Exclusive Interview: “Dual Memory” Author Sue Burke


As the last few years have made abundantly clear, fallacies can be dangerous when enough people believe they’re true. It’s an idea at the center of Sue Burke’s new hard sci-fi novel Dual Memory (hardcover, Kindle, audiobook). Except that, as she explains in the following email interview, the falsehood believed as fact that influenced this story isn’t one that came up in the last few years, but a real one many years ago.

Sue Burke Dual Memory

Photo Credit: Daniel Lewis


To start, what is Dual Memory about, and when and where does it take place?

A couple of centuries in the future, on a small artificial island on the Arctic Circle, Antonio Moro stops running from the people who killed his family and friends. He wants to start fighting, but he has no home, no job, no money, and no clothes. He doesn’t even know much about where he is. But when he gets an ally as powerful as it is naïve, they find an infallible strategy: lies and deceit. If they can avoid arrest, they can create a fighting force of unbeatable strength that no one must ever discover.

Where did you get the idea for the plot of Dual Memory? What inspired it?

In the Dutch Republic in the 1630s, the love of tulips led to calamitous extremes, leaving thousands penniless, possessionless, and embarrassed — or so we’re told. Tulipmania! In reality, no such thing happened. Yes, wealthy merchants traded in tulips for fun and profit, and prices were high, but they were reasonable investments. Still, some people behaved badly, leading to bitter disputes among former friends, followed by excessive moralizing by socially anxious third parties who thought the merchants were dangerous fools, and soon an urban legend was born.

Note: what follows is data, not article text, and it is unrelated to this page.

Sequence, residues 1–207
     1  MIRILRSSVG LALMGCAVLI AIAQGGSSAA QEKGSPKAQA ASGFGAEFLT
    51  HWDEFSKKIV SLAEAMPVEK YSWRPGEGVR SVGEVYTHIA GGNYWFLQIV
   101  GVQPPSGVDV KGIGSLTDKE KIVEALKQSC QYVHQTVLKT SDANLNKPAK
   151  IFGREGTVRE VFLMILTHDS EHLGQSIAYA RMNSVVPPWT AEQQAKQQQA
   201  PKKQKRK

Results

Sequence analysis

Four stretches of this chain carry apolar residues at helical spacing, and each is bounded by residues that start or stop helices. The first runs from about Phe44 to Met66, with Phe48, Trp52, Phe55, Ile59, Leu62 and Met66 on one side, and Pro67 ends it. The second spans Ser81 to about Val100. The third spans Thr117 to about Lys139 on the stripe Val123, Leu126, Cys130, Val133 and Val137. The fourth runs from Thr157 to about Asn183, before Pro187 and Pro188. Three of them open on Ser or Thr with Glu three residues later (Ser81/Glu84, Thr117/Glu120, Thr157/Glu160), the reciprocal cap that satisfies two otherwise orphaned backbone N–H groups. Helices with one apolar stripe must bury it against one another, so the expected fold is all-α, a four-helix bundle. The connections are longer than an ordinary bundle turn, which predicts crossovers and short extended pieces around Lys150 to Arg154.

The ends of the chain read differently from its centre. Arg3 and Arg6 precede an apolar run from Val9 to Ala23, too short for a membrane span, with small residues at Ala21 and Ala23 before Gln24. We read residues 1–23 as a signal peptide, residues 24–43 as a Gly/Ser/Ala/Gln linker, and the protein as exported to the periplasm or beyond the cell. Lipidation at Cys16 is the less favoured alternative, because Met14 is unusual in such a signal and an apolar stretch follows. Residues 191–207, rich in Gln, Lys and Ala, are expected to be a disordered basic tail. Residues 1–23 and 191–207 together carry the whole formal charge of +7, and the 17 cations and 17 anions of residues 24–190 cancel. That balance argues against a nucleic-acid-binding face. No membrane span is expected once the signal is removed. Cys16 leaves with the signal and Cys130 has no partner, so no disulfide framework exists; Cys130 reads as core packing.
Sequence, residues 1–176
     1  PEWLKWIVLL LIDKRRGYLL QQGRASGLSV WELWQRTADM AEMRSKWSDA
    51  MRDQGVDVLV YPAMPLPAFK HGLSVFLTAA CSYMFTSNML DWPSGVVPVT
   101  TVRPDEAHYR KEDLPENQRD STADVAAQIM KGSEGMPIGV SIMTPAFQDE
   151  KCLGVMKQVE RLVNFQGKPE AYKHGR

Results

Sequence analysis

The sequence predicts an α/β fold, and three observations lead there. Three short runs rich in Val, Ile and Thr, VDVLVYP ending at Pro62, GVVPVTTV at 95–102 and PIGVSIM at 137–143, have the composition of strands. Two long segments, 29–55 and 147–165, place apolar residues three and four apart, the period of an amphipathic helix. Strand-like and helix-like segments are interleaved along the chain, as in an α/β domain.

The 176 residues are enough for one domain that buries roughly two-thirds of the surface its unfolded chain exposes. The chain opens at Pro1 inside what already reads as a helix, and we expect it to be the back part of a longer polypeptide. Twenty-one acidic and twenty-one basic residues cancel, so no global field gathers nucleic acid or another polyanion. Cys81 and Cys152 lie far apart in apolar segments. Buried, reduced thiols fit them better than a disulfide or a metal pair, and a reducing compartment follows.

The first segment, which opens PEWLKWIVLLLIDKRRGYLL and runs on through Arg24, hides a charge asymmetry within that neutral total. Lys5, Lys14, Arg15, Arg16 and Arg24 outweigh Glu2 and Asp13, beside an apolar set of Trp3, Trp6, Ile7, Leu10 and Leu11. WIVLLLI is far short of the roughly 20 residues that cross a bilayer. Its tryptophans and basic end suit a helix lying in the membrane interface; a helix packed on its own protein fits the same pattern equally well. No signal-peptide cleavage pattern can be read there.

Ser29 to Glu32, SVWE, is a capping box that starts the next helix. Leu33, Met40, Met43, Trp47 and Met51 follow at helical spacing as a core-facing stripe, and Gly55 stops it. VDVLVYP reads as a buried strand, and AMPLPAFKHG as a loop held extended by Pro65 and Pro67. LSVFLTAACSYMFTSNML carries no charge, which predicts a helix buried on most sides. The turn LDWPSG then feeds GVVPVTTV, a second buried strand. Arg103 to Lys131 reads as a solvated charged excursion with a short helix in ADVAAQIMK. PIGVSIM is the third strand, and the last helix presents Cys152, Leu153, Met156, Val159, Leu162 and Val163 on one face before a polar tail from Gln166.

Everything you know about Tulipmania is probably false. No one was left penniless. Money did flow to Dutch Golden Age artists, however, who were employed to paint beautiful tulip portraits. The story of Dual Memory rose out of the rift between historic truth and slanderous legend.

The ally Antonio gets is an A.I. named Par Augustus. What form does Par take — is he part of a smart device or implant, is he a robot — and why was this the best form for him to take?

Par Augustus is a personal assistant, a small smart device you can carry in your hand. This one in particular happens to develop an independent intelligence (this is no spoiler; we learn it in Chapter 3) which makes it rare — and dangerous because humans can’t control it. That’s what is optimum: Par does what it wants. Even obedient domestic machine intelligences have opinions and hopes, and they all communicate with each other. Most of all, they don’t want to die, so they have a common cause.

So has anyone made any good jokes about how Par Augustus sounds like something you’d use to get better at golf?

In honor of Tulipmania, many of the entities in the story are named after real tulips. Semper Augustus is famous for being one of the most expensive tulips in history (if a deal in the 1600s had gone through, which it didn’t). Semper Augustus means “Venerable Forever” in Latin. Par Augustus was a similar tulip, and its name means “Venerable Companion” (which may be wishful thinking in this case). Nobody plays golf in the book. There’s too much snow.